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Don't Be Fooled By The Headlines; Risks Are Still In Place

Published 25/10/2022, 02:00 am
  • Friday's 2.4% jump on the S&P 500 came on the back of 'dovish' remarks by San Francisco Fed President Mary Daly
  • But, in reality, the market now expects the Fed to raise rates to 5% by May 2023
  • The bond market also keeps spelling trouble for the U.S. economy
  • The ups and downs in the S&P 500 last week gave way to a solid 2.4% gain on Friday, granting the U.S. benchmark index its best weekly performance since June. It is worth noticing that some of the volatility seen at the beginning of the week resulted from the expirations of $2 trillion worth of options.

    S&P 500 Daily Chart

    The rally came on the back of San Francisco Fed President Mary Daly's comments that the Federal Reserve will likely discuss a smaller interest rate hike in December.

    While the statement did come across as mildly dovish, the reality is that the market has been reacting quite strongly to any positive headlines, which is a risk in itself.

    And I say this because Daly didn't actually say anything new, and, thus, nothing has fundamentally changed.

    She said it is still not time to cut interest rates and that a slowdown to 25 basis point hikes will only be appropriate if inflation, especially core inflation, drops significantly, which is not yet close to happening.

    Moreover, she also said that the Fed could be forced to raise rates above 4.5% next year if needed to bring inflation down.

    Neel Kashkari, president of the Minneapolis Fed, also commented that if core or headline inflation doesn't start to come down significantly, he doesn't see why the Fed would have to stop at 4.5% or 4.75%.

    Bonds Continue To Spell Trouble

    For a financial world that is seeing sharp interest rate hikes, what is happening in the bond market matters a lot.

    U.S. Treasury bonds are witnessing their biggest drop since 1984. Recall that the relationship between the price of a bond and its yield or return is inverse, i.e., if the price of the bond falls, its yield rises, and conversely, if the price of the bond rises, its yield falls.

    Well, there is also an inverse relationship between the price of a bond and interest rates. In other words, if interest rates rise, the price of bonds falls, and vice versa.

    A practical example will show you why this is so. Suppose we buy a 10-year bond paying an annual interest rate of 2% for a price of 100.

    Then we happen to witness a rise in interest rates. In terms of maturity, other bonds like ours offer a higher yield and return of 3%+.

    If we want to sell our bond, it will be difficult to find a buyer; after all, who will buy it at 100 for a yield of 2% when others are yielding 3% in the market?

    And watch out because the Federal Reserve has already raised interest rates five times since last March, and a fourth consecutive 75 basis point hike is expected at the next meeting in November. In fact, the market now expects the Fed to raise rates to 5% by May 2023 versus the 4.6% it previously expected.

    The latest to comment has been Federal Reserve Bank of St. Louis President James Bullard, who said that the strength of the U.S. labor market gives room to raise interest rates to curb inflation that is approaching four-decade highs. He was the first to publicly suggest 75 basis point hikes, which have become routine this year.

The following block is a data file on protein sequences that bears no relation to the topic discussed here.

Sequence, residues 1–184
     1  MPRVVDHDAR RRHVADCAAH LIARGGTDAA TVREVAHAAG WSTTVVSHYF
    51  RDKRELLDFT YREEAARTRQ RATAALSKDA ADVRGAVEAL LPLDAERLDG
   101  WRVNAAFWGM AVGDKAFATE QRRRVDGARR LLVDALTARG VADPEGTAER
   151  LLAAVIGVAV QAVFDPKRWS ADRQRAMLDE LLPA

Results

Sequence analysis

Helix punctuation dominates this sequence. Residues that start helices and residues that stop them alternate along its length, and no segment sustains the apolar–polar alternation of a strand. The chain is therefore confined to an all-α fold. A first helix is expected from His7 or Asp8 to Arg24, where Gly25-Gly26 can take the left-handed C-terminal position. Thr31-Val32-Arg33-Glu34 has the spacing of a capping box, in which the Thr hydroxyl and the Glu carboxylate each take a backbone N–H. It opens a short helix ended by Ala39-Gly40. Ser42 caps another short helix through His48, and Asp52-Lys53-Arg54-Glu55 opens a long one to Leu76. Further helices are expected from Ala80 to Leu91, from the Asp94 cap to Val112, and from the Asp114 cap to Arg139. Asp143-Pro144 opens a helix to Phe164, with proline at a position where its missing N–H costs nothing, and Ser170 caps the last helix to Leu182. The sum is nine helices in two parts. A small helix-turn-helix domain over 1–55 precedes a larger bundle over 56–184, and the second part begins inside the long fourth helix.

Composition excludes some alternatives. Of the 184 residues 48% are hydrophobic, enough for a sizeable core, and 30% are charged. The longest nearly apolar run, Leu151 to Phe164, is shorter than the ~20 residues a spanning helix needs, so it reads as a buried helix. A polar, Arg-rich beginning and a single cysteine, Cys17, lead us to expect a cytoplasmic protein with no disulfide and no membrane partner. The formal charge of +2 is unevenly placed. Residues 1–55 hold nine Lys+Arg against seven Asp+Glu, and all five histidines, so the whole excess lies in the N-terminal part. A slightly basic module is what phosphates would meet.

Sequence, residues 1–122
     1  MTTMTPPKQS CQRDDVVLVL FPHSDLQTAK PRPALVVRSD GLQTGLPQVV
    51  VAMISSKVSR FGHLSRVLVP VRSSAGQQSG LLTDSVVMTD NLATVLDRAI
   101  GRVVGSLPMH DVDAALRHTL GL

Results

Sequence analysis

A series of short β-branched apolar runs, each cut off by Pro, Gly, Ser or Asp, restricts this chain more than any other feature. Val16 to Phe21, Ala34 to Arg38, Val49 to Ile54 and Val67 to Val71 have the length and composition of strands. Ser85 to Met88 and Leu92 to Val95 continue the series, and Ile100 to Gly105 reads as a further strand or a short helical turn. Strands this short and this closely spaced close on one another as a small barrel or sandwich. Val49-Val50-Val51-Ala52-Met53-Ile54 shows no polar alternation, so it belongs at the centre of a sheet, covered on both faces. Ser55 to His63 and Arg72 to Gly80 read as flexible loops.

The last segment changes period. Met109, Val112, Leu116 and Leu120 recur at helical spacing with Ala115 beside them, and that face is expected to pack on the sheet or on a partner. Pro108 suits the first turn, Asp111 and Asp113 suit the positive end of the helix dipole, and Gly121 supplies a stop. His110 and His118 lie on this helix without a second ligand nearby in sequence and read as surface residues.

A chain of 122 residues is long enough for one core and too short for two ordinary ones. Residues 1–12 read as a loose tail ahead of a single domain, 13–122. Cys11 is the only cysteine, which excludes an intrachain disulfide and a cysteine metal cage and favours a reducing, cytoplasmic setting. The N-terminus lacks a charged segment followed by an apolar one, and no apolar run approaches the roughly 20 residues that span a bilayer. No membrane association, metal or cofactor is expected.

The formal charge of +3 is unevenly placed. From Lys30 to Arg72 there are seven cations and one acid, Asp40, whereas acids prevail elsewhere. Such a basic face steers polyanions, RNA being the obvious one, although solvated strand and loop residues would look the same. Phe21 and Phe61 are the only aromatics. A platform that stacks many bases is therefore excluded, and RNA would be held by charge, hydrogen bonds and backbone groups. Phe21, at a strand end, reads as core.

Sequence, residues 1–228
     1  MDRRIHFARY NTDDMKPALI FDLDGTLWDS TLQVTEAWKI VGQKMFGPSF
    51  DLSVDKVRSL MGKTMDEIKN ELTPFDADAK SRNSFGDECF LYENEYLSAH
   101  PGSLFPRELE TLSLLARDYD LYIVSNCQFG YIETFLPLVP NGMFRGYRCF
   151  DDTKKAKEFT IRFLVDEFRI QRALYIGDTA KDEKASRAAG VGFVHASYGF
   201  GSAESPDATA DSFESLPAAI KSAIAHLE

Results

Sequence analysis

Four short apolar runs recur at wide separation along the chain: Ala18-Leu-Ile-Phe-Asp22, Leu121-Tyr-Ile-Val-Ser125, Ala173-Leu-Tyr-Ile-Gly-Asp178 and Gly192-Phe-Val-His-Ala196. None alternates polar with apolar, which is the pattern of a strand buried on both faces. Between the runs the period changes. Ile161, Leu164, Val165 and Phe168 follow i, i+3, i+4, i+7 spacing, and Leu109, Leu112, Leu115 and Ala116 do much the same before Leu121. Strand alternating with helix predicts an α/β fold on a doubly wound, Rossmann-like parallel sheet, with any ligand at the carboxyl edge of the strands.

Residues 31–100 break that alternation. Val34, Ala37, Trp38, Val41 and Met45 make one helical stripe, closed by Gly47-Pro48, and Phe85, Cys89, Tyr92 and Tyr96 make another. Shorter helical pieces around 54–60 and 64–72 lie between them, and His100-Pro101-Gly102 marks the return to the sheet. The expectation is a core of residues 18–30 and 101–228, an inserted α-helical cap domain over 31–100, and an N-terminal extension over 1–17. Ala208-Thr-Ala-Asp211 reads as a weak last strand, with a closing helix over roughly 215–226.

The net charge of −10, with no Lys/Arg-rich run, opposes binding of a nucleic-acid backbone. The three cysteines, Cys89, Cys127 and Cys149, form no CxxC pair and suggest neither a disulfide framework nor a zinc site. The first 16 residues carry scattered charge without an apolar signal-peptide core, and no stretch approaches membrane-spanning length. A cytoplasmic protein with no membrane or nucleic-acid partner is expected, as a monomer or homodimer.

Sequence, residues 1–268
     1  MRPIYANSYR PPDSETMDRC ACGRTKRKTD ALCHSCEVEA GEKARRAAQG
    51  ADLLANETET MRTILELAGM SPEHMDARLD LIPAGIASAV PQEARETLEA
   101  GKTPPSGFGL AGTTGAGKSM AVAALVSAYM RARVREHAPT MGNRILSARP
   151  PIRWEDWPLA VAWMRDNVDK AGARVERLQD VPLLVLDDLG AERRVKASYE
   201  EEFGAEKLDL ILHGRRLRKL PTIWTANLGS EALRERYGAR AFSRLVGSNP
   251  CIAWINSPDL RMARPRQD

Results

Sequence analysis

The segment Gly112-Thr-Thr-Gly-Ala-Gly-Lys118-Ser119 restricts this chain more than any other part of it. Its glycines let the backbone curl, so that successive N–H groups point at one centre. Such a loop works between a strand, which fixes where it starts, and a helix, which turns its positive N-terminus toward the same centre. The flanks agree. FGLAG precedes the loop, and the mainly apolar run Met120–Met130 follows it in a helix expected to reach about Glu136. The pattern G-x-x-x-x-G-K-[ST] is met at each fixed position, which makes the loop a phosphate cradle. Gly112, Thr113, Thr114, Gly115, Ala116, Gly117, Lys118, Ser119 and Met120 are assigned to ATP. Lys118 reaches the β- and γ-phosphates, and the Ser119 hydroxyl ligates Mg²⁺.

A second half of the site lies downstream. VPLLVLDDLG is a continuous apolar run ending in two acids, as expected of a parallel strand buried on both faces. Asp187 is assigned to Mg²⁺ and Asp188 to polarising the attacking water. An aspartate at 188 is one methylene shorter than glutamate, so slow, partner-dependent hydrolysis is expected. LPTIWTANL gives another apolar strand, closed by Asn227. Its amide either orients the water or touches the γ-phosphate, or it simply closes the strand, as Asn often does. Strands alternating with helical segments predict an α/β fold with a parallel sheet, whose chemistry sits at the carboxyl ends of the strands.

The reality is that the yield curve remains inverted between short- and long-term bonds, which is a serious warning of economic recession. An inverted yield curve occurs when short-term bond yields are higher than longer-term bond yields.

    It usually is the other way around, and the longer the term of a bond, e.g., ten years, the higher the yield than a bond with a shorter term, e.g., two years, because the longer the term, the greater the risk of something negative happening.

    Generally, there are two curves in a row. One is the spread between 10-year and 3-month Treasury bonds, and the other is between 10-year and 2-year Treasury bonds.

    It is a good recession warning indicator since it has been right for the last eight recessions in the United States since December 1969.

    However, the time lag between the flattening of the yield curve and the arrival of the recession is usually 1-2 years.

    In the last five recessions, the 10-year to 2-year bond yield curve inverted earlier than the 10-year and 3-month yield curve, so arguably, the better indicator of the two would be the 10-year and 2-year bond yield curve, as it was always able to detect the recession earlier.

    Investor Sentiment AAII

    Despite last week's rebound, investor sentiment remains unchanged and bearish overall.

    AAII Market Sentiment

    The bullish sentiment (expectations that stock prices will rise over the next six months) rose 2.2 points to 22.6% but remains below its historical average of 38%.

    The bearish sentiment (expectations that stock prices will fall in the next six months) increased 0.3 points to 56.2% and remained above its historical average of 30.5%.

    Global Stock Market Performance In 2022

    Last week's positive global market performance led to some changes in the ranking of the major stock exchanges in 2022, which goes as follows:

    Disclosure: The author currently does not own any of the securities mentioned in this article.

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